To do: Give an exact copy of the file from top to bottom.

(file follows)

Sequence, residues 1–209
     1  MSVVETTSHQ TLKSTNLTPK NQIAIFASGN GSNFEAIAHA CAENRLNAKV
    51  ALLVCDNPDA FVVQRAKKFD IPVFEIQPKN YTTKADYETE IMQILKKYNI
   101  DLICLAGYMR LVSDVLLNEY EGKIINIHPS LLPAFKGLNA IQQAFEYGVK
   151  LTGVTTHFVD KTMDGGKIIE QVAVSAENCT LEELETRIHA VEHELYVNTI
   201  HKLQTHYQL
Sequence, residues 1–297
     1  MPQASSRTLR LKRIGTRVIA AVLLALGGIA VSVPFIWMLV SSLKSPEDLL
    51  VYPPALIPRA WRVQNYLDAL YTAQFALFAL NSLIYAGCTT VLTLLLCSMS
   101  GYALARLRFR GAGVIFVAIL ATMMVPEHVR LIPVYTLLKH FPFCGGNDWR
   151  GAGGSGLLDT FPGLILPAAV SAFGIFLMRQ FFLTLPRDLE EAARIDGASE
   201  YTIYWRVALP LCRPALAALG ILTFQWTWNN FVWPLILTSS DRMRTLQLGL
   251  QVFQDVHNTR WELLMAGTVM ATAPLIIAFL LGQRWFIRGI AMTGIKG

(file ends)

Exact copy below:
Sequence, residues 1–209
     1  MSVVETTSHQ TLKSTNLTPK NQIAIFASGN GSNFEAIAHA CAENRLNAKV
    51  ALLVCDNPDA FVVQRAKKFD IPVFEIQPKN YTTKADYETE IMQILKKYNI
   101  DLICLAGYMR LVSDVLLNEY EGKIINIHPS LLPAFKGLNA IQQAFEYGVK
   151  LTGVTTHFVD KTMDGGKIIE QVAVSAENCT LEELETRIHA VEHELYVNTI
   201  HKLQTHYQL
Sequence, residues 1–297
     1  MPQASSRTLR LKRIGTRVIA AVLLALGGIA VSVPFIWMLV SSLKSPEDLL
    51  VYPPALIPRA WRVQNYLDAL YTAQFALFAL NSLIYAGCTT VLTLLLCSMS
   101  GYALARLRFR GAGVIFVAIL ATMMVPEHVR LIPVYTLLKH FPFCGGNDWR
   151  GAGGSGLLDT FPGLILPAAV SAFGIFLMRQ FFLTLPRDLE EAARIDGASE
   201  YTIYWRVALP LCRPALAALG ILTFQWTWNN FVWPLILTSS DRMRTLQLGL
   251  QVFQDVHNTR WELLMAGTVM ATAPLIIAFL LGQRWFIRGI AMTGIKG